Your veterinarian may suggest an oral medication so that your pet is simply given a pill once a month. Or the vet may encourage spot-on medications, medicated shampoos, powders or tick collars.

Consider having your yard and home treated for ticks.

Inspect your dogs for ticks if they have been outside near wooded areas.

If you find a tick, take tweezers and remove the tick as close to the body of the pet as possible, trying to get the head of the tick out.

Watch your pet carefully over time and look out for any changes in behavior.
If your pet is not acting right, take him or her to your veterinarian as soon as possible.

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Traveling with pets 

Travel can be stressful for both pets and people. These tips will make your trip a more enjoyable experience for everyone, whether they have two legs or four:

Never leave your pet unattended in a car, even with the windows cracked. If it’s 85 degrees outside, the temperature inside a car can rocket to 120 degrees in a matter of minutes.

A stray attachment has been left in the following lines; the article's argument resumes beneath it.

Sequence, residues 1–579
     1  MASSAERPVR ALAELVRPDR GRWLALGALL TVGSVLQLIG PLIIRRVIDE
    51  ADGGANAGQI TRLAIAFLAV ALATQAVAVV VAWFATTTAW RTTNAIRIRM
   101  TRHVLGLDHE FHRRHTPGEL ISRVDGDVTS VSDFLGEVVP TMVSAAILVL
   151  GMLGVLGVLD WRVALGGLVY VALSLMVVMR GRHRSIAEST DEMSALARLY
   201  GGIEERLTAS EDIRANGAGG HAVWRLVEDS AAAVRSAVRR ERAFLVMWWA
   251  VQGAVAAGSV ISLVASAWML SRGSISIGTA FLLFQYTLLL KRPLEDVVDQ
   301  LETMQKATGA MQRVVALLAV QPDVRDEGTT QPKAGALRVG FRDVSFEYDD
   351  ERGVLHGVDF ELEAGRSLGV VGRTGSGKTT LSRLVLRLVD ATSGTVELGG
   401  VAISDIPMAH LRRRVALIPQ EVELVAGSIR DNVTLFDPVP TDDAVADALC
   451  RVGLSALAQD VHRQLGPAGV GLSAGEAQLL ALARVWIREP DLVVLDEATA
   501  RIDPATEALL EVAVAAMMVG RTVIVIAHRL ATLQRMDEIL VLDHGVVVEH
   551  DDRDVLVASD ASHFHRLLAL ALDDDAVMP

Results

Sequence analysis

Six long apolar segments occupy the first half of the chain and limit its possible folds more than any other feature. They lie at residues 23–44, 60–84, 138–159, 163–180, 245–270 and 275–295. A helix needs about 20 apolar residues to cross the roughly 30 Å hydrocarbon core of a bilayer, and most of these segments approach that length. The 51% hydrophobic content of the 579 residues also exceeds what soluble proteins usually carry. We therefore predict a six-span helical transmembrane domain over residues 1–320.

Always make sure you have plenty of your pet’s medication packed. Take extra to be on the safe side.

Pack a first aid kit for your pet: tweezers to remove ticks, bandaging material for any cuts, hydrogen peroxide, etc.

If your pets have any ongoing medical conditions, take a copy of their medical records with you.

Identify the nearest animal emergency hospital to where you are staying and have the phone number handy.

Make sure your pet’s heartworm and flea prevention medications are current.

Don’t feed a large meal before leaving; simply allow periodic snacking.

Carry collapsible bowls for food and water.